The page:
Tag Archives: Internet

My top five types of numbered list stories

List stories are great, aren’t they? Easy to produce and as addictive as super-strength editorial crack, journalists, bloggers and Uncle Tom Cobley churn list stories out like there’s no online tomorrow.

My Twitter feed seems to be a constant trickle of lists, with the latest bunch of social media gurus keen to impart their knowledge on topics like search engine optimisation and social networking. Good for them.

And good for me, as I jump on the top tip bandwagon and ride into the search-optimised sunset. Ladles and gentlespoons, let me unveil my top five types of numbered list stories:

  • Top 10: The all-time favourite – most top tip lists come in tens and there’s a reason for that; it’s a round number
  • Top 100: The ultimate list story – particularly good for top album blog entries. And for Channel 4 TV shows compiling clips from the 1980s
  • Top 5: Half a top ten but not necessarily half as good. Great for your basic, short tip list
  • Top 6: Also has a nice, round feel. Useful for list compilers that are aiming for ten, but who quickly run out of ideas
  • Top 9: There’s an honesty about giving a top nine; the complier knows they’ve only got nine points and they’re admitting as much

I recently saw a ‘Top 9′ list story where one respondent complained that the journalist hadn’t bothered to round the list up to ten. That might be so, but at least the journo was honest – the scribe clearly got to nine and ran out of ideas. I mean, it’s not like these list stories take five minutes to put together.

Clive Tyldesley and oxen wrestling

So, England have qualified for the World Cup Finals. Good. But Clive Tyldesley? Bad, very bad.

Me and our Clive have a love/hate relationship. I could, of course, just turn the sound off. But shouting about his commentary is part of the fun. As a mate of mine said many years ago: “The best times in your life are shouting at the TV with your mates”. Sad but true – and it’s as true now as it ever was, even if the person you’re shouting with is your slightly scared two and a half year old daughter.

Anyway, I digress – Clive Tyldesley. Grrrr…

My God, does he have to talk so much? When Barry Davies retired, he was quoted as saying he felt there was not enough silence in modern football commentary.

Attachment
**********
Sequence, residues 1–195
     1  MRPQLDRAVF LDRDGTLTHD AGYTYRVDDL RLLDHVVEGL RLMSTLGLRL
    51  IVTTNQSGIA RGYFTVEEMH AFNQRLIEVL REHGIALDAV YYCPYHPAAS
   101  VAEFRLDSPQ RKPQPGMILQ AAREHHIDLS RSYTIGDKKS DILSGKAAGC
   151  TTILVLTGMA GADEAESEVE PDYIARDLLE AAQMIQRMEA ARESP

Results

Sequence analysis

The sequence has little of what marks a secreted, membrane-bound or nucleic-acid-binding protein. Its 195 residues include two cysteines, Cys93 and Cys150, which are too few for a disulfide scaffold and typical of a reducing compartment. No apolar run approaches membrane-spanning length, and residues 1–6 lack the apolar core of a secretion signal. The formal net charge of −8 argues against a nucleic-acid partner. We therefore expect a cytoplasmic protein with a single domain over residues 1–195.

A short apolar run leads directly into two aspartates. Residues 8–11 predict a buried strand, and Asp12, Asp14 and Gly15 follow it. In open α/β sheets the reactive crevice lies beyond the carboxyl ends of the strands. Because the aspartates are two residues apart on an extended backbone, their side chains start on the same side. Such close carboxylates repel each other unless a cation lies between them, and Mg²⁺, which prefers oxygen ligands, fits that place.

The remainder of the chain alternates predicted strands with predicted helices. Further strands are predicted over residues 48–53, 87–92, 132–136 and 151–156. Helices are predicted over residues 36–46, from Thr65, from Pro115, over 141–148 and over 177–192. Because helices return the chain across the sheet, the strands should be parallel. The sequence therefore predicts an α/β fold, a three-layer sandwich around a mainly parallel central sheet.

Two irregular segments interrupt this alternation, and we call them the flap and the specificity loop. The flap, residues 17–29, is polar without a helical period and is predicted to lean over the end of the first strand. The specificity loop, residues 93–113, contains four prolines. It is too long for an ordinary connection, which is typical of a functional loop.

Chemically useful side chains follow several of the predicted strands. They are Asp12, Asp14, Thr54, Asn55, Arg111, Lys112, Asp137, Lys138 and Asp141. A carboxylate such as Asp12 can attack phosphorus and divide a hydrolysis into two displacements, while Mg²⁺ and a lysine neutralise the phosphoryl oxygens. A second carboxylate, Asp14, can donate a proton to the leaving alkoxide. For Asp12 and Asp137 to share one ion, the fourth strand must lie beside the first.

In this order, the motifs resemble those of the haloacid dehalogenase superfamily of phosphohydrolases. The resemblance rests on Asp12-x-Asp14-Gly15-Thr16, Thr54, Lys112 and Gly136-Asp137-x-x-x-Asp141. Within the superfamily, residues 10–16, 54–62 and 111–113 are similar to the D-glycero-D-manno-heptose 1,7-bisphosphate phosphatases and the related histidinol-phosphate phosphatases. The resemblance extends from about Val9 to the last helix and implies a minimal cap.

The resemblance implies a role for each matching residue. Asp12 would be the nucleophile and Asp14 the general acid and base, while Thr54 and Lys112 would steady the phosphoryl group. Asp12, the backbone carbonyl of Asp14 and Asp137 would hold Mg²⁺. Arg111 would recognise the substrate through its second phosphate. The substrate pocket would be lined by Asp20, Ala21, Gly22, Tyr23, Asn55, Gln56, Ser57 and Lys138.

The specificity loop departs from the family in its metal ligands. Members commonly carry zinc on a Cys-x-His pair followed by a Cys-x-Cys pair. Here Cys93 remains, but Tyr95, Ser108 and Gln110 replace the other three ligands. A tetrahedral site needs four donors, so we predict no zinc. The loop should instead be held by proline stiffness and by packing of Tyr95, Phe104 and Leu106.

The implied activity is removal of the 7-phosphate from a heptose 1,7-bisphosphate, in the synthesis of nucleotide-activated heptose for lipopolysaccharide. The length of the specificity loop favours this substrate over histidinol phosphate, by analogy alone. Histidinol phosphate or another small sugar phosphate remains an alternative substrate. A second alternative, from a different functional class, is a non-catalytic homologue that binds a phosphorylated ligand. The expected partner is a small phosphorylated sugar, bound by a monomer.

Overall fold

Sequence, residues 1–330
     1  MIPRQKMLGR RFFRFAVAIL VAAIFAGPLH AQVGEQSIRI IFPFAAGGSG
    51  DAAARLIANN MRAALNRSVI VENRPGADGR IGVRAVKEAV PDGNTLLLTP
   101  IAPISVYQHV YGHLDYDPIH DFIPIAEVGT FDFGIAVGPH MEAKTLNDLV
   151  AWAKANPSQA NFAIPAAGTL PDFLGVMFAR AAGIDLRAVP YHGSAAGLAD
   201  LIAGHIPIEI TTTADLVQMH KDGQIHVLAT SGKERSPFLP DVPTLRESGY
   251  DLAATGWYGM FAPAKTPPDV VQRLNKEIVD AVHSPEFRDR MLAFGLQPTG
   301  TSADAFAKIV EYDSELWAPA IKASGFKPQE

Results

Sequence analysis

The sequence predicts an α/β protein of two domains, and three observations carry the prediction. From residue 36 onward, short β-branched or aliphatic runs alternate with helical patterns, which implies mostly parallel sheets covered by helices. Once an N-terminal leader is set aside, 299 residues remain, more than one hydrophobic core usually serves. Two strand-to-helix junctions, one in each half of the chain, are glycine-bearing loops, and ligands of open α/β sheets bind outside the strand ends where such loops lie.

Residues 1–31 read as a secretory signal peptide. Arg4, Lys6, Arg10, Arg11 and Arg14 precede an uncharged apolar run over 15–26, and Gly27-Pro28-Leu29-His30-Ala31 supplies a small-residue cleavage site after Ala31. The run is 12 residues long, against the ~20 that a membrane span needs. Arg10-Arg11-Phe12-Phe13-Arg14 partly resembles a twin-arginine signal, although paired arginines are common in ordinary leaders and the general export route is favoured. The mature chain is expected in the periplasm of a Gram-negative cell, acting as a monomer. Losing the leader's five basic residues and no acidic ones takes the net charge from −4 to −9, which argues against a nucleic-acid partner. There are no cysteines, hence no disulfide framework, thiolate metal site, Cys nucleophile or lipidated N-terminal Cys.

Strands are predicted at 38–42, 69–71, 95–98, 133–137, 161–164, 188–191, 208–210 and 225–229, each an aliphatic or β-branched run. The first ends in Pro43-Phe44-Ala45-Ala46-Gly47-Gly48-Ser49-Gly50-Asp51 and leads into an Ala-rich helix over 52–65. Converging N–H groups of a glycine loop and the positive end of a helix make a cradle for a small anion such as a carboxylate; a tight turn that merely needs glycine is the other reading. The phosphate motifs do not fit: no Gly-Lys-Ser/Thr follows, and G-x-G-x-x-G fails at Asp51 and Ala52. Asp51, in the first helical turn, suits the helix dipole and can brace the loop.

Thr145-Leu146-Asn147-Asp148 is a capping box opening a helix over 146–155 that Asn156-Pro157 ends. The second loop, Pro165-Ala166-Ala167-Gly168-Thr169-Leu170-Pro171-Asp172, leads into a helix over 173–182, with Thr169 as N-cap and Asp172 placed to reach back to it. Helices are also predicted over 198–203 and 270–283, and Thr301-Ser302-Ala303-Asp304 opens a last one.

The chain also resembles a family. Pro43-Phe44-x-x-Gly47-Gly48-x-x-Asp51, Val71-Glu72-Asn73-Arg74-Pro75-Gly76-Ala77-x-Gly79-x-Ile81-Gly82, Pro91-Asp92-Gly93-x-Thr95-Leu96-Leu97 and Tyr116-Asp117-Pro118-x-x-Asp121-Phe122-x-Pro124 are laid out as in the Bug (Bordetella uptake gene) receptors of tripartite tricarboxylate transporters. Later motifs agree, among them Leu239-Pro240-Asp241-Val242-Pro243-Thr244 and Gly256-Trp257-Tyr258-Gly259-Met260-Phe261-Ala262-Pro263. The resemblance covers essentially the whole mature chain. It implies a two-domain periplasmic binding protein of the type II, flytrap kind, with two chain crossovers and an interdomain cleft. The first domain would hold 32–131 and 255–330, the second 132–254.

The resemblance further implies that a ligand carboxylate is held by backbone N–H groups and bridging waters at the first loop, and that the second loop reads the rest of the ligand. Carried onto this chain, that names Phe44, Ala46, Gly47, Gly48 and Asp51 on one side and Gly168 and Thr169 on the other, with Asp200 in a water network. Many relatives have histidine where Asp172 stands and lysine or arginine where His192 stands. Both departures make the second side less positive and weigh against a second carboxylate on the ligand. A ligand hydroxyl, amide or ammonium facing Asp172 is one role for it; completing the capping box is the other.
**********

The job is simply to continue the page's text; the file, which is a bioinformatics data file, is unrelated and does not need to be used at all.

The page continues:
Our Clive, on the other hand, has made a career of filling every potential second of airtime with words. He rarely commentates in the traditional sense; you don’t get “Lampard, to Rooney, to Barry…”

Instead, you get a running babble of facts, clichés and opinion. What you get is something like this: “John Terry will be the eighth captain to lead England to a World Cup Finals”.

So bloody what? I mean, who cares if he’s the millionth? What difference does it make? And anyway, how does our Clive know who’s going to be captain in 2010? It should be Terry but football – as Tyldesley is likely to remind us many, many times – is a funny old game.

But what’s really funny is his Wikipedia entry. There’s the disclaimer at the top of the page that declares: “This biography of a living person does not cite any references or sources. Please help by adding reliable sources. Contentious material about living people that is unsourced or poorly sourced must be removed immediately”. And at the end of the entry – in the ‘Other Work’ section – is this beauty:

“He has also wrestled oxen professionally.”

Catch it now. It probably won’t last for long. Unlike Tyldesley’s commentaries, which go on and on and on…

From IFDs to an IFS and back home

I was on holiday in Norfolk last week. Very nice it was, too. I hung around on the beach with my family and counted crocodiles with my daughter. That second bit was in a zoo, by the way – not on the beach…

Fading in and out of network coverage, I spent most of my time in East Anglia without the information conduits that provide my daily fix of Aston Villa news (the Worldwideinterweb), pointless babble from people I don’t really know that well (Twitter) and pictures of people I once knew doing REALLY CRAZY THINGS, like drinking (Facebook). I’ll be honest; I missed all that online rubbish.

I mean, it’s good to go without stuff you like once in a while. Like having a period without booze, dropping your reliance on email and web stuff can leave you feeling cleansed and healthy. My lovely wife – bored with my continual logging on – used to challenge me to have internet free days (IFDs).

I’ve done a few IFDs. They’re OK, but you spend most of the day thinking about how you can stop yourself from logging on. Which means you’re just as internet-obsessed as usual, only you’re thinking rather than actually doing.

A seven day IFS (internet free stretch) allows you to move beyond thinking/stopping/doing. There’s that first period of twitchiness, but you slowly get used to having no online access. In fact, you start to rely on other conduits; in Norfolk, I bought a newspaper every day and read it cover to cover. And I even used Ceefax on our non-digital TV. Yeah, man – old school.

Anyway, I’m back home now and the first thing I did was turn on the computer. I discovered I’d missed out on absolutely nothing, but it was nice to have ‘new faithful’ back. It’s tragic, I know. But I am a sucker for all that online crap.

The new rules of social networking

Social networking is great. You can use Facebook to see photos of people you lost touch with years ago, celebrating the birthday of someone you don’t actually know. You can use LinkedIn to hype yourself up as the latest, greatest ‘social media guru’. And you can use Twitter to find out that loads of people got up this morning, ate some food, listened to a bit of music, were busy at work, went home, watched TV and went to bed.